Three energy companies in Iceland have joined forces to investigate the possibility of increasing the amount of energy harnessed from geothermal sources in the country. Aluminium manufacturer Alcoa Inc. is also taking part with a “significant contribution” to the project.
The Iceland Deep Drilling Project (IDDP) is researching the economic viability of producing energy from underground water heated by volcanic sources. If the project proves to be a success, then it could lead to the production of up to ten times more electricity than is currently produced from geothermal sources in Iceland today, with little or no impact on the environment.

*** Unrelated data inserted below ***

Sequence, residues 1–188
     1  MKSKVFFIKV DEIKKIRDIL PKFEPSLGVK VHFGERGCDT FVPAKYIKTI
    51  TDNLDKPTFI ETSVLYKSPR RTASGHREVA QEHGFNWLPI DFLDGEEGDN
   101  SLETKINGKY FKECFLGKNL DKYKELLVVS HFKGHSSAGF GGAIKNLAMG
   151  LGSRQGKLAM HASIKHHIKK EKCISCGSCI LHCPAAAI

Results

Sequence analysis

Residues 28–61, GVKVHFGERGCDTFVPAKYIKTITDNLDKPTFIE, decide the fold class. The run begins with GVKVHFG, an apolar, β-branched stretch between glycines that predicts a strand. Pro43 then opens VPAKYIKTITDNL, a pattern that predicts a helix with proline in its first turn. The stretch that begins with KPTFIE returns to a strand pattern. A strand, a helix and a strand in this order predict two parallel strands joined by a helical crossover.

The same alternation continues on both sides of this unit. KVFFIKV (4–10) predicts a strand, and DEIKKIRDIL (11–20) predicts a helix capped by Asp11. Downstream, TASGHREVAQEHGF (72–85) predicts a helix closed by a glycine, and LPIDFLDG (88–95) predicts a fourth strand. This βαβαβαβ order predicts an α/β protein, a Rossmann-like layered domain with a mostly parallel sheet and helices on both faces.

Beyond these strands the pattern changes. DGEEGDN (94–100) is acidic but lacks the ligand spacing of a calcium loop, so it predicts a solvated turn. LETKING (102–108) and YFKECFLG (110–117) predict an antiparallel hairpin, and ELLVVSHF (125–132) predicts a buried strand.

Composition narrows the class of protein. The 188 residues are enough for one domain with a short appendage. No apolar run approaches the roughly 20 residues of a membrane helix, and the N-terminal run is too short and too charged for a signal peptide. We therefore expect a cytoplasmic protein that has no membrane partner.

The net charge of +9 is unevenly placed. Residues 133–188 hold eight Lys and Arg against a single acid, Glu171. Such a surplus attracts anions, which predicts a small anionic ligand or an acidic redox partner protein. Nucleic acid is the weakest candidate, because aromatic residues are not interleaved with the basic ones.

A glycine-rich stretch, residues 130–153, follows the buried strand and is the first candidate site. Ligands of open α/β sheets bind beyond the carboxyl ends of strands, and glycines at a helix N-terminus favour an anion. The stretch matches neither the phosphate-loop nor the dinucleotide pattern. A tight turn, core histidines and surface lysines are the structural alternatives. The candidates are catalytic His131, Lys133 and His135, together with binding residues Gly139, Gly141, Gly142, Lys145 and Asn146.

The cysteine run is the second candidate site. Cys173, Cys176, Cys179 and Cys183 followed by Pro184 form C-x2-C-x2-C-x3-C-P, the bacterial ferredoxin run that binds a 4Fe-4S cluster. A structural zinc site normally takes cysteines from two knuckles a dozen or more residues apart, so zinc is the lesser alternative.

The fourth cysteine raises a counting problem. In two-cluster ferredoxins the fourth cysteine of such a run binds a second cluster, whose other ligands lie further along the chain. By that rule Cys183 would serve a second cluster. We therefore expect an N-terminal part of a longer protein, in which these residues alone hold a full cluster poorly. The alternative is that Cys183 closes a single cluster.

Details of the exact financial arrangements have not been released but Alcoa representatives say they have signed an agreement promising to support the consortium of power companies in their research endeavours.
In the first phase of the project, each power company will be responsible for drilling one well in their area. The wells are likely to be between 3.5 kilometers to four kilometers deep and tap water deep below the Earth’s surface.
A statement from the executive vice president of Alcoa, Bernt Reitan, said, “Geothermal energy is exactly what the world needs to tap into almost limitless, clean, natural energy and to substantially reduce greenhouse emissions.”
He also said that research from the project in Iceland may be useful in other areas with high-temperature geothermic potential.
Based in New York, Alcoa is the second-largest aluminum company in the world. The company plans to develop a smelter in Iceland, which, if the study proves successful, could become one of the first smelters to be powered by geothermal energy in the world.